Activist investors: a dialogue with Harlan Zimmerman, Cevian Capital

May 2015

On 8–9 April 2015, the European Audit Committee Leadership Network (EACLN) convened in London for its 23rd stand-alone meeting.  One session was a dialogue with Harlan Zimmerman, a senior partner of Cevian Capital, Europe’s largest activist fund and one of the largest activist funds globally.   

Mr Zimmerman and EACLN members touched on three topics:

  • Trends in investor activism
    Mr Zimmerman explained that among investors dedicated to activism, there is a spectrum between “attackivists,” who use adversarial tactics to pursue short-term gains, and “constructivists,” who use collaborative approaches and in-depth research to help companies achieve long-term success.  In the European context, a variety of factors, such as concentrated ownership, more extensive shareholder rights, and a more polite business culture, have tended to make adversarial tactics more difficult but also less necessary in the effort to influence companies.

  • Company responses to activism
    EACLN members and Mr Zimmerman remarked on the measures companies can use to prepare for and respond to an activist intervention.  It is critical for a company to understand its long-term shareholders and the issues that might draw the “wrong type” of activist interest.  Companies should also prepare a response plan and a team that includes external advisers.  If an activist approaches the company, management and the board should evaluate the activist and their case with an open mind.  Mr Zimmerman also suggested some approaches to understanding what sort of activist the company is facing, such as requesting references and asking about holding periods and past board experiences.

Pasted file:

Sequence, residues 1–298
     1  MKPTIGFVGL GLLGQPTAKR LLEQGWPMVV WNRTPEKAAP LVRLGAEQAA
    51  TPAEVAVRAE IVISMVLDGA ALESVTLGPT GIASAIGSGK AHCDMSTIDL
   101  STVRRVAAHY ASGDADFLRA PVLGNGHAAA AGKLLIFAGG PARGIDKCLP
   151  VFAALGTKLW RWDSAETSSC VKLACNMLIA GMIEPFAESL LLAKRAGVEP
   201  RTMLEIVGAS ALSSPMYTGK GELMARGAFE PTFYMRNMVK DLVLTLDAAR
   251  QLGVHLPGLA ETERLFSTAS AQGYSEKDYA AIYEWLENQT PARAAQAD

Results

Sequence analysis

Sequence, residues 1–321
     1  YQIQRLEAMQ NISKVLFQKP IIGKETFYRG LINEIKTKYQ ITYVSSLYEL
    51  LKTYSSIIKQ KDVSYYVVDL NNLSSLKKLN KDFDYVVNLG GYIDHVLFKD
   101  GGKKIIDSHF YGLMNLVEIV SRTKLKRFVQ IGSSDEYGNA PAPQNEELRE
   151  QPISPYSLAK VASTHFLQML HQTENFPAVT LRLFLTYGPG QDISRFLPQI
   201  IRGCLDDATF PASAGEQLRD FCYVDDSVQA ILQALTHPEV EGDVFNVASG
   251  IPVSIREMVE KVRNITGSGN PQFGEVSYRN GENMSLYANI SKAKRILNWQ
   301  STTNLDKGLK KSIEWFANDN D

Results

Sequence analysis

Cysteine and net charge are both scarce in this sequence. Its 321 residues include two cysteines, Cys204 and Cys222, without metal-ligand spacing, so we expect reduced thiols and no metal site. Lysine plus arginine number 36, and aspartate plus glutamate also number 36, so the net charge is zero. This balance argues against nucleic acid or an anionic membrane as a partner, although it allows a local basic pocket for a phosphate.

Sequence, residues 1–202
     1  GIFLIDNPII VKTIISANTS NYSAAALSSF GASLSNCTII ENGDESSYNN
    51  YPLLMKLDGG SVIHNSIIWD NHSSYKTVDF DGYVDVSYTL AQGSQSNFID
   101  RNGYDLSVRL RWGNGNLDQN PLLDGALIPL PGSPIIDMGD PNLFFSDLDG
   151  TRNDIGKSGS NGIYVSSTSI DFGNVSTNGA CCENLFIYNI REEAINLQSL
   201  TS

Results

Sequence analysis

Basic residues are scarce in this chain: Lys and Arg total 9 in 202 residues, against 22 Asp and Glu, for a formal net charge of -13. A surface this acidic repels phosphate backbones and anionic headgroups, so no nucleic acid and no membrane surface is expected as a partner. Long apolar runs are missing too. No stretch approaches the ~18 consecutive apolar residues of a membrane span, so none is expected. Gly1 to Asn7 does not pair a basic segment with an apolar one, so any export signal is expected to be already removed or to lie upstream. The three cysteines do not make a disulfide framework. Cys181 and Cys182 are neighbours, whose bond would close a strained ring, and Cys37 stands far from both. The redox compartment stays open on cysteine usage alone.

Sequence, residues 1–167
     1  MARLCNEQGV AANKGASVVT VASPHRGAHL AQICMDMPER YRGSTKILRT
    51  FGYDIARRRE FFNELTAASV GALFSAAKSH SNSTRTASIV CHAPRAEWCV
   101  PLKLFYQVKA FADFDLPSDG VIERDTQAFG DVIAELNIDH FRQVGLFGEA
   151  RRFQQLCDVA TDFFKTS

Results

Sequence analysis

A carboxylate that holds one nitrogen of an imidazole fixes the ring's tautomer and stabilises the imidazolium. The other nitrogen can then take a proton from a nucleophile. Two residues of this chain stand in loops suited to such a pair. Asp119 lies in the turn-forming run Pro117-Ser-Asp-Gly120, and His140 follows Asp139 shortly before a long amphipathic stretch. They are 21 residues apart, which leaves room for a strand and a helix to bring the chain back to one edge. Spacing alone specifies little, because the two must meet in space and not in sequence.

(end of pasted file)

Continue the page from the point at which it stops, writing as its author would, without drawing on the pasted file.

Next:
• Activist investors on the board
    Activists often ask for seats on the board, though Mr Zimmerman noted that the acceptance of activists joining the board varies from country to country.  EACLN members pointed out that having a constructive activist on the board can bring significant benefits in terms of resources and knowledge, withstanding short-term pressures, and bolstering the board’s ability and willingness to challenge management.  However, a member suggested that, to maximize these benefits and prevent information asymmetries on the board, the information that flows between the activist and management should include the whole board.